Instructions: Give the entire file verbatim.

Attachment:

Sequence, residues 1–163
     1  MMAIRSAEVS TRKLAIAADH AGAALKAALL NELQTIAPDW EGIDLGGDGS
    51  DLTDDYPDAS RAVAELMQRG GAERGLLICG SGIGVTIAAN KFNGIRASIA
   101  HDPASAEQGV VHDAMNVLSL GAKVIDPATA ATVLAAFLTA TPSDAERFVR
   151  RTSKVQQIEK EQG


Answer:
Sequence, residues 1–163
     1  MMAIRSAEVS TRKLAIAADH AGAALKAALL NELQTIAPDW EGIDLGGDGS
    51  DLTDDYPDAS RAVAELMQRG GAERGLLICG SGIGVTIAAN KFNGIRASIA
   101  HDPASAEQGV VHDAMNVLSL GAKVIDPATA ATVLAAFLTA TPSDAERFVR
   151  RTSKVQQIEK EQG